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Basajjabalaba sued over 6bn loan

By Vision Reporter

Added 12th March 2006 03:00 AM

KAMPALA city tycoon Hassan Basajjabalaba has been given 15 days by the High Court to file his defence against a suit in which the Uganda Development Bank (UDB) is seeking to recover US$3m (over sh6b with interest).

KAMPALA city tycoon Hassan Basajjabalaba has been given 15 days by the High Court to file his defence against a suit in which the Uganda Development Bank (UDB) is seeking to recover US$3m (over sh6b with interest).

By Vision Reporter

KAMPALA city tycoon Hassan Basajjabalaba has been given 15 days by the High Court to file his defence against a suit in which the Uganda Development Bank (UDB) is seeking to recover US$3m (over sh6b with interest).

“Should you fail to file your defence within the prescribed period, the plaintiff may proceed with the suit and judgment may be given in your absence,” the summons signed by the Commercial Division registrar said.

UDB, which is represented by Dr. Joseph Byamugisha, sued Basajjabalaba, his company Basajjabalaba Hides and Skins (U) Limited and three directors: Shamim Basajja, Aisha Basajja and Iddi Basajja, for the recovery of US$3m (sh5,387,000,000).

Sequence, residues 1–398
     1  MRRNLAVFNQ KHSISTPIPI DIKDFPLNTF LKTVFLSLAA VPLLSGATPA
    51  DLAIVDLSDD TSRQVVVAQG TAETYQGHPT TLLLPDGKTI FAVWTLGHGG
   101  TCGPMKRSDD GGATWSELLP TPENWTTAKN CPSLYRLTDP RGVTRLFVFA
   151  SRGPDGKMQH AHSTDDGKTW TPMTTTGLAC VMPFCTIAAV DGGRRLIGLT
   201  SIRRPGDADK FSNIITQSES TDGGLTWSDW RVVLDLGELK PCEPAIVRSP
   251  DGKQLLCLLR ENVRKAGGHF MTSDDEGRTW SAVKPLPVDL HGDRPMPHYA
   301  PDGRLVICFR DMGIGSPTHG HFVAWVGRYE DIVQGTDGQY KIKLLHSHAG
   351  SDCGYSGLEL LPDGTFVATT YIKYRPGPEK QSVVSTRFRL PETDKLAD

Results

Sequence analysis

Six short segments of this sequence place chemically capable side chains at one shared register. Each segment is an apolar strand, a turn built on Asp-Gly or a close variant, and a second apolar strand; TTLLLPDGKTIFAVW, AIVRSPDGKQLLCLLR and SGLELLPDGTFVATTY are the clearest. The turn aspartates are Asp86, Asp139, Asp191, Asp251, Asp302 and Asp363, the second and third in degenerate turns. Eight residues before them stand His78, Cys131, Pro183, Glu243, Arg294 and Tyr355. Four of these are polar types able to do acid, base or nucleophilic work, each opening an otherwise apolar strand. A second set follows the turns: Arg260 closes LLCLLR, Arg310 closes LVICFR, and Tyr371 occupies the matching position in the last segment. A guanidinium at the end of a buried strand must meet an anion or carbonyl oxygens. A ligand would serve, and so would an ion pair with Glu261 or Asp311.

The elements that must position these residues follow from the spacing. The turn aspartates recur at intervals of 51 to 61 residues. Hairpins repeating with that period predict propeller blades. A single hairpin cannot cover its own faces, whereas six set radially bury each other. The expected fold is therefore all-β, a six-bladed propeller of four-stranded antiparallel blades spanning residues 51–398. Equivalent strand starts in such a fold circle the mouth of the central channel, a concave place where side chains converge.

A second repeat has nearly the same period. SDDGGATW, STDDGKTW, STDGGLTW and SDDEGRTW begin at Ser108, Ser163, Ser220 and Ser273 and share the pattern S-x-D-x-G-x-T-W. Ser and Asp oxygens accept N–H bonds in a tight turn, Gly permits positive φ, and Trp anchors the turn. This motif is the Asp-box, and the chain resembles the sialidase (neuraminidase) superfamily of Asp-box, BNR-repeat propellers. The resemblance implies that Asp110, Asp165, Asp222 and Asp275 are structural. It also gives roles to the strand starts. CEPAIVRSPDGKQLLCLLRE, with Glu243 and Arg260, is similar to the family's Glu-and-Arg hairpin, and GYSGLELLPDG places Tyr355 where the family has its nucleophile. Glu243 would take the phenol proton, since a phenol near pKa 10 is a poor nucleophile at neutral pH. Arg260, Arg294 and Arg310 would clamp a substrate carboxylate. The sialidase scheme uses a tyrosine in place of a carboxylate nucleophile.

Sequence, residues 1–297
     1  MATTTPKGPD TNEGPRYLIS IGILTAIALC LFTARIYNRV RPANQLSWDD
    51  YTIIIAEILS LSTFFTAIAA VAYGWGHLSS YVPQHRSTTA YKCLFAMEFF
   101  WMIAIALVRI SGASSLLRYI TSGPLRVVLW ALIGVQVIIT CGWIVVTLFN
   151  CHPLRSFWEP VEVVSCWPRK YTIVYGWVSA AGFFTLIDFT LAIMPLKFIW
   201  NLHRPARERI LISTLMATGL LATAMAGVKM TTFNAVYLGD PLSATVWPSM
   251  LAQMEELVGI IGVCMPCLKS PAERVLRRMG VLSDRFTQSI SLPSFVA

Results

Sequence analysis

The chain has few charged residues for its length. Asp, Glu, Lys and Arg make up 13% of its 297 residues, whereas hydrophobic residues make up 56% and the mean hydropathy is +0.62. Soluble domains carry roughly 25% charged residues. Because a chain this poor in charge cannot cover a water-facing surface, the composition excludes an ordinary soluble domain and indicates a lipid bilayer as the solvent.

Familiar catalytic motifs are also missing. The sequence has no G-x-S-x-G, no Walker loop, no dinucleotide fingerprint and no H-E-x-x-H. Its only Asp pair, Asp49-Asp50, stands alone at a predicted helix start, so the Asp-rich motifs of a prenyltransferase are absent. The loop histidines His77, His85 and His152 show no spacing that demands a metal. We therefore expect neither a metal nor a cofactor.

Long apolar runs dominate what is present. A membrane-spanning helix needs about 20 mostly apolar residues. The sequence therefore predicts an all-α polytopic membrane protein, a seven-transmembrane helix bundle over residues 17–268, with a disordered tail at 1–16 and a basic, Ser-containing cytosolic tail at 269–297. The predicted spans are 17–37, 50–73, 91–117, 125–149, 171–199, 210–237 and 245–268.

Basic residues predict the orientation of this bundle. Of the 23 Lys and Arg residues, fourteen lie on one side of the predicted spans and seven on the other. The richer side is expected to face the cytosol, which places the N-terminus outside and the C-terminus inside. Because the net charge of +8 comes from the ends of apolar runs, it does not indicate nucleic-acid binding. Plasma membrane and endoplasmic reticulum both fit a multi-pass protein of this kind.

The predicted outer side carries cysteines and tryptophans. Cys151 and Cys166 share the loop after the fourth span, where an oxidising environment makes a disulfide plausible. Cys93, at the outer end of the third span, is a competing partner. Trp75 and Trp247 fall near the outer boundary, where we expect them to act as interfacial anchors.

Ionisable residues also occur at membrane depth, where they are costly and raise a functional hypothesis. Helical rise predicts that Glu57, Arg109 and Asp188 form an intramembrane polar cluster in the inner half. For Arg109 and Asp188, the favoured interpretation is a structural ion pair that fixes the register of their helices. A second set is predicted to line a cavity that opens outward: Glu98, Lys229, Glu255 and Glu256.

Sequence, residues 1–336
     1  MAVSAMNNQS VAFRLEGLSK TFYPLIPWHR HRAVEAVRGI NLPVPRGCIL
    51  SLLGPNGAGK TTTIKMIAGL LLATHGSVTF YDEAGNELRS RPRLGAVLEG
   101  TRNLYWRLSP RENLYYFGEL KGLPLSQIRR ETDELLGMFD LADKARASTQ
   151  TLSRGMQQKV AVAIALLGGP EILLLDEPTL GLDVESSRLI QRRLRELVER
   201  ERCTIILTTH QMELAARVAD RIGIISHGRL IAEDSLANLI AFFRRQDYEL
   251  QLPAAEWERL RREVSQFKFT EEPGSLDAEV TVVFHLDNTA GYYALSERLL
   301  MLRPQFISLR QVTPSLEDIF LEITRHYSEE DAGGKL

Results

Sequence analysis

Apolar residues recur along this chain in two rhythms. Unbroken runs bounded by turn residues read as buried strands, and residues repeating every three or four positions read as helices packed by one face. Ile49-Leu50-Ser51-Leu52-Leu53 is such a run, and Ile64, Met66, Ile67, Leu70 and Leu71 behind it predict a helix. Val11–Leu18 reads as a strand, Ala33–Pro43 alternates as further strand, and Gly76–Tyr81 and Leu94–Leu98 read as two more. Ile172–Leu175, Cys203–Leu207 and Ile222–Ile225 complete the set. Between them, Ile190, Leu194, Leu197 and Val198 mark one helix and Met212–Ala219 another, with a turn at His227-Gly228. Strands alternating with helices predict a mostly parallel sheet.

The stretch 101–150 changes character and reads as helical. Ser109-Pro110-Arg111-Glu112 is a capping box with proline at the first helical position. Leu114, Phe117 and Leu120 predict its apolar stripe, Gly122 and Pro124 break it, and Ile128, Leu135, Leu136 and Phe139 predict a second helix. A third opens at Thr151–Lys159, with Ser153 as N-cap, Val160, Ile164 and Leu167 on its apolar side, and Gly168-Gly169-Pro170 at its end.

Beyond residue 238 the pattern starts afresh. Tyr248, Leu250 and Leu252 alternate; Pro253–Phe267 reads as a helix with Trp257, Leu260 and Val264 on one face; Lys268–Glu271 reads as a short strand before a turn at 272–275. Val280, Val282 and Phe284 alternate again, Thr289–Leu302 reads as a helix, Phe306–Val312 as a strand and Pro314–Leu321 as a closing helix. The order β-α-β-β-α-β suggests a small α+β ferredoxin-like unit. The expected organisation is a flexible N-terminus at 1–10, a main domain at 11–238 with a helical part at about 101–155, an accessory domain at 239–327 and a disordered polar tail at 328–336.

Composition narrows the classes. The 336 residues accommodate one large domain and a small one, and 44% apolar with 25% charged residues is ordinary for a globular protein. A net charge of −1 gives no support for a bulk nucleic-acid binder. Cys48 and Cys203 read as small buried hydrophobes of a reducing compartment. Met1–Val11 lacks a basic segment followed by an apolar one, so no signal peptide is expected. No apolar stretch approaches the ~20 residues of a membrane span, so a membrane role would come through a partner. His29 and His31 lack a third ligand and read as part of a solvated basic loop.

UDB demands a total of sh6,078,144,970.65, with an interest rate of 12% per year from December 5, 2005 until payment in full. It also seeks general damages and costs of the suit.

The suit filed on February 27, stated that the defendants borrowed the money on June 25, 2002, to buy hides and skins.
The loan, which was guaranteed by all the directors, was to be repaid within 24 months.

To secure the loan, the defendants presented a certificate of title of land of Plot No 5 Block K Kampala, Kyaddondo, Mengo and a valuation report.

The report said, “Development on the land comprised of a storey highly executive commercial building with additional basement, lower ground floor parking together with shops facing Luwum Street and Market Square. The site is almost fully covered with building.”

But the bank said the report was false and the land referred to, which is Plot 24 William Street, has a very old house with small lock-up shops and an open space used as a restaurant and is of much less value than the sh11.5b quoted in the report.

According to UDB, the defendants also presented falsified accounts and lied that they were meeting their loan obligations with Standard Chartered Bank and the East African Development Bank and their working capital had grown from sh1,7b in 1998 to sh12.8b in February 2002, all of which turned out to be false.

UDB said when it tried to put the company under receivership, the State minister for finance in charge of general duties, halted the process, saying Bank of Uganda was working out a rescue package for Basajjabalaba, which it failed to do.

Basajjabalaba sued over 6bn loan

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